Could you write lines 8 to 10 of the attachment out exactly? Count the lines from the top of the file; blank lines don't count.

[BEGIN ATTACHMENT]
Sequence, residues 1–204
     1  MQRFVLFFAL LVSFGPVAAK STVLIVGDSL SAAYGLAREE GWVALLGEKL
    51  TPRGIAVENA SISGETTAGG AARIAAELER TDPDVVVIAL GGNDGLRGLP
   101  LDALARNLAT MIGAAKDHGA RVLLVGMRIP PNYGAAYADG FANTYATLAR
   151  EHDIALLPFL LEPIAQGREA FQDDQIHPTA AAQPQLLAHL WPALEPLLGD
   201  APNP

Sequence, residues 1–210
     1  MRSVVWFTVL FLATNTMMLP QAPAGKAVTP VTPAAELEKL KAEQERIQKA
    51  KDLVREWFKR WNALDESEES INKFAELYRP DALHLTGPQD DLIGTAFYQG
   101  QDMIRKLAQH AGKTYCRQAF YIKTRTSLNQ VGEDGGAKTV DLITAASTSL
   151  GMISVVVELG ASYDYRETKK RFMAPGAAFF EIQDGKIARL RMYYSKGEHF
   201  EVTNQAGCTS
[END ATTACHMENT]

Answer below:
     1  MRSVVWFTVL FLATNTMMLP QAPAGKAVTP VTPAAELEKL KAEQERIQKA
    51  KDLVREWFKR WNALDESEES INKFAELYRP DALHLTGPQD DLIGTAFYQG
   101  QDMIRKLAQH AGKTYCRQAF YIKTRTSLNQ VGEDGGAKTV DLITAASTSL